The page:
This installment of the ongoing review of Battlestar Galactica involves an episode about dreams coming true: "Flight of the Phoenix".
"Flight of the Phoenix" is an interesting choice of title. The most obvious interpretation, and probably most likely, is an allusion to the mythical firebird rising from the ashes of its own destruction and taking flight into new glory. Certainly the way the episode plays out, it would appear the fortunes of the fleet and our main characters might fit with this - for the time being at least. In the most literal sense, the phoenix is made manifest in the construction of the blackbird stealth fighter. The episode begins with the Chief inspects a crippled viper in the hanger and comes to the frustrating conclusion that it's a write-off. He's later inspired to build a new type of fighter, and slowly the blackbird comes together, built from the salvaged bits and pieces of wrecked vipers, cast-off materials, and unwanted engines and chunks of other ships. Piloted by Starbuck (who, later in the series, becomes a phoenix of sorts herself), the blackbird is initially a wild thing, difficult to control. Even when Starbuck grows comfortable at the reigns, the fighter is like a creature of myth - slipping in and out of notice in the blink of an eye and only reappearing to Apollo and Galactica when its pilot wants it to.
The Chief has his own phoenix-like transformation in this episode. Since the beginning of the series, Tyrell has lost his civilization (or, what he currently believes to be his civilization), his lover, his dignity (especially during the bombing tribunal), members of his deck crew, and successively with each battle, the ships he's been tasked with maintaining. The blackbird give him purpose. It is a chance to stretch his imagination, to be innovative, and to build something new and useful, rather than simply trying to maintain things which are decaying. It's a source of pride for the Chief and his crew of knuckledraggers in building something that hadn't been done by the fleet's aero-space engineers back when the Colonial civilization existed. This is one of several transformations the Chief will experience over the course of the series, but for now, it's one that allows him to fly high for a while.
Meanwhile, this episode offers another chance for Sharon to rise from the ashes of Boomer's betrayal. As a Cylon virus chews its way through the guts of Galactica's computers while hundreds of raiders bear-down on the fleet, Sharon offers the best chance for the Colonials to turn their fortune around. Sure, Adama's right when he tells the President that Sharon helped to wipe the virus and bounce it back to infect and incapacitate the oncoming Cylons (in a scene reminiscent of Winona Rider's android interfacing heroin junkie-style with Father, the ship's computer in the craptastic Alien Resurrection) because she wanted to ensure the survival of herself and her child. But there's obviously something more to it than that. Sharon actually cares about reintegrating with the people of Galactica. As poorly as they've treated her, she's rising above the mistrust, threats and imprisonment and taking a stand on their behalf. This doesn't earn her a ticket to freedom, but it's a start.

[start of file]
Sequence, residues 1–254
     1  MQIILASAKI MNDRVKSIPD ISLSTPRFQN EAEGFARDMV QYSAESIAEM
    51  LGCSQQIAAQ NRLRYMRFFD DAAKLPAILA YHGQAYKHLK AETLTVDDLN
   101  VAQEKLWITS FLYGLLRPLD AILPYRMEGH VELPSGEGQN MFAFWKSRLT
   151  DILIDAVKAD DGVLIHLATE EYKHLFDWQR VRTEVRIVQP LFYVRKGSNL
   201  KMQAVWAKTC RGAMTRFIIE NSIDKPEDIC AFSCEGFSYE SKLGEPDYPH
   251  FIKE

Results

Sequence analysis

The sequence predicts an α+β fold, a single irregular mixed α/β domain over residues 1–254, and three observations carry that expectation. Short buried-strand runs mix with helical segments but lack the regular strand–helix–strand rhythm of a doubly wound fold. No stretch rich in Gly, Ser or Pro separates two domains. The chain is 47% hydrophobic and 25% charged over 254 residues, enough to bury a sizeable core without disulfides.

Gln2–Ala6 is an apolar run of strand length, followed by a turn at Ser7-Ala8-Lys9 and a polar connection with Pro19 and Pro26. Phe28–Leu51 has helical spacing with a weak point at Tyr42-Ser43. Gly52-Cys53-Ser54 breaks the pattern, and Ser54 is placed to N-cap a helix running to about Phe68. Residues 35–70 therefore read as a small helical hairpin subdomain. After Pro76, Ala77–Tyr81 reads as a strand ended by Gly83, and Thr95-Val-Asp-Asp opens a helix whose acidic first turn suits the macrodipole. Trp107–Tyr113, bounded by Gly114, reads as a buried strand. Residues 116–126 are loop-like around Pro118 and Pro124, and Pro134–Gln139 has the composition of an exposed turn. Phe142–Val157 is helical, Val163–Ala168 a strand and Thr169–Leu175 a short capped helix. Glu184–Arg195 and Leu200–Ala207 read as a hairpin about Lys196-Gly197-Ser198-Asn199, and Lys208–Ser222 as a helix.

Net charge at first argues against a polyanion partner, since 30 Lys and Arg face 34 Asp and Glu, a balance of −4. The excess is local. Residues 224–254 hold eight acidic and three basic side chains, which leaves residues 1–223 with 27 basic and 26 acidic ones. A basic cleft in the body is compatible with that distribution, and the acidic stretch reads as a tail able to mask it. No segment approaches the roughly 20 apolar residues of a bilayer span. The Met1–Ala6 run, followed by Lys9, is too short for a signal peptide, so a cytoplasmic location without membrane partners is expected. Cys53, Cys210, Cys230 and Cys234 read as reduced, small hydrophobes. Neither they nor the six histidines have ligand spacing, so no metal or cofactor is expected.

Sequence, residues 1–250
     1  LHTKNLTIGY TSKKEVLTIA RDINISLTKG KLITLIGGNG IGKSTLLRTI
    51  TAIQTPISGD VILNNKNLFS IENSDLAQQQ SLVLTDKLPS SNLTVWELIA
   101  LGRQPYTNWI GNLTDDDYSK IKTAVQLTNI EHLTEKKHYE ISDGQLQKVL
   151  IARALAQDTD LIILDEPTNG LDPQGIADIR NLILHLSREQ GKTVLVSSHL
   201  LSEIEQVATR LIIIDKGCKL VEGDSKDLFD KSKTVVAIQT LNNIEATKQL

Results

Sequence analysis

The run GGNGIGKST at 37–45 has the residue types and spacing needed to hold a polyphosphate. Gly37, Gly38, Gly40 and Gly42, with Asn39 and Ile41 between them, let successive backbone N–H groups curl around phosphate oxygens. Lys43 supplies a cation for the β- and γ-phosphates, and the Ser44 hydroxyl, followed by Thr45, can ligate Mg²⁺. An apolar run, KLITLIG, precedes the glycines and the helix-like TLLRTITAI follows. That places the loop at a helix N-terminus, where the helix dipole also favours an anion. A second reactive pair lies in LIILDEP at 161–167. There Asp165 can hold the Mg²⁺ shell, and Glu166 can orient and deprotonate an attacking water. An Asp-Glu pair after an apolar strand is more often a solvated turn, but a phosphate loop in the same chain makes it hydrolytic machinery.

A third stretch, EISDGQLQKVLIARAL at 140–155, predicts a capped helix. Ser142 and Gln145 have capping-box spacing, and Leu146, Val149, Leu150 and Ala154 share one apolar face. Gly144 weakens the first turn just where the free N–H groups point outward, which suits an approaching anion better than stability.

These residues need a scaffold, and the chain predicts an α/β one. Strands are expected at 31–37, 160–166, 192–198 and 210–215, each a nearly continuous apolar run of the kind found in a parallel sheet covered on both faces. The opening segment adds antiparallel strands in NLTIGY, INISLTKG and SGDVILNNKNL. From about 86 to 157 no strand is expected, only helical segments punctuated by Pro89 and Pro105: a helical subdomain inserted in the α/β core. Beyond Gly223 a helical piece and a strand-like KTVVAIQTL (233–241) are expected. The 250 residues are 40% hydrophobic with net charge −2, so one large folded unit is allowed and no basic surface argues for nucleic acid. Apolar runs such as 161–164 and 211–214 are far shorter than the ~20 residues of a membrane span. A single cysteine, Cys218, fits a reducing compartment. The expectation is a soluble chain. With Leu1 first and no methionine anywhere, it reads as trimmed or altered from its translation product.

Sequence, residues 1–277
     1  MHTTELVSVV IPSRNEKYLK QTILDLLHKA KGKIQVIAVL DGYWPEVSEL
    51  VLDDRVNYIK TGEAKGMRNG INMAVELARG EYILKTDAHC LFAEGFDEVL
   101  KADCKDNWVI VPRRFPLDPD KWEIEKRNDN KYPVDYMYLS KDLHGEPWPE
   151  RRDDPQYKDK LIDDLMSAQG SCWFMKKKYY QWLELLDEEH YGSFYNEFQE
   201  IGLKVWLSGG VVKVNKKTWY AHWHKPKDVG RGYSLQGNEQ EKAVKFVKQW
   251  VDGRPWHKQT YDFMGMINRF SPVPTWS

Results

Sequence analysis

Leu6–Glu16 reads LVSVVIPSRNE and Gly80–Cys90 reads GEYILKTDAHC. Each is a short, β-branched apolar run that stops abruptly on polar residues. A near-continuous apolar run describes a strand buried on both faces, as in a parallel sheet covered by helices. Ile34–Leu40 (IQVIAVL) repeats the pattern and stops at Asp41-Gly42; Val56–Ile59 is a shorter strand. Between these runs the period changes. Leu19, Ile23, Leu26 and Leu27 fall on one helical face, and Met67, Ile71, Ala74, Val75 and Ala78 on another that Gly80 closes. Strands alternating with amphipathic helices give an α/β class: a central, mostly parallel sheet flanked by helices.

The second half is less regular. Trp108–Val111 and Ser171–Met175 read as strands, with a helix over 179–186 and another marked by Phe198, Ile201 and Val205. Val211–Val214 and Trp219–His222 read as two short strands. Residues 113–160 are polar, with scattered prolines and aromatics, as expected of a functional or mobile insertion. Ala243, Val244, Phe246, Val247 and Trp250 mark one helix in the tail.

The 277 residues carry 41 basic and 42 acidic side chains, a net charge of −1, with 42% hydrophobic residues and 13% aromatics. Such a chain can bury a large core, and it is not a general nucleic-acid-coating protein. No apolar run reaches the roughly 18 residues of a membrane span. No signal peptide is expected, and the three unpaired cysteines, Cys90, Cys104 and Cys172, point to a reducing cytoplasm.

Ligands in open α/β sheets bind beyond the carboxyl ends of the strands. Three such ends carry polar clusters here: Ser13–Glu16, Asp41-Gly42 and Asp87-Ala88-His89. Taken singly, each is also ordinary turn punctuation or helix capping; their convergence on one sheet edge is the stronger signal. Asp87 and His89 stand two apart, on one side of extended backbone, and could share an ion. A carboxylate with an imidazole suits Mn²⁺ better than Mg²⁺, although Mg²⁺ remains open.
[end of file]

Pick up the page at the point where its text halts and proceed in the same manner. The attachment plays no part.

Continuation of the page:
And that's because there's another rebirth going on here, the rebirth of trust, or at least the hope of trust, between Adama and Sharon. The first moment is when Adama has Sharon brought to his cabin to talk about more than just how the virus works or Cylon weaknesses; his first question is "Why do the Cylons hate us so much?" He's trying to understand them. It's not an order either, it's a question. That question, that attempt to gain understanding, is what will eventually pave the way for Adama's (grudging) acceptance of the Cylons as people in the fourth season, and people that he can have peace with, live side-by-side with, and ultimately trust. It's a trust that begins with this conversation with Sharon, where he might still have the urge to strangle her for Boomer's betrayal, but it's an urge he's now able to surpress and look beyond. This is built-upon at the end of the episode when he understands that Sharon has turned the virus on the in-bound raiders, leaving them completely vulnerable to Galactica's vipers. There's a look that they exchange when he realizes this. It's a look of respect, a little gratitude, and a trace of trust. He sends her back to her cell, but that look is Sharon's first glimpse of freedom.
But the other possible interpretation of the episode's title might be that "Flight" refers to something fleeing, and that the hope for the possibility of a rebirth might have left. Looking at the overall series, we know that the construction of this new toy and this giving the Cylon bully a black eye by knocking down a couple of hundred raiders isn't the fleet's rise to a new glory. On the contrary, it marks the beginning of a very dark period where they're soon faced with the threat of Admiral Cain, where they're led astray by the false hope of New Caprica, and where the crew of Galactica will become embroiled in the Zarek-Gaeta mutiny. To be sure, there are victories along the way, but this society is a long, long way from rising from its ashes.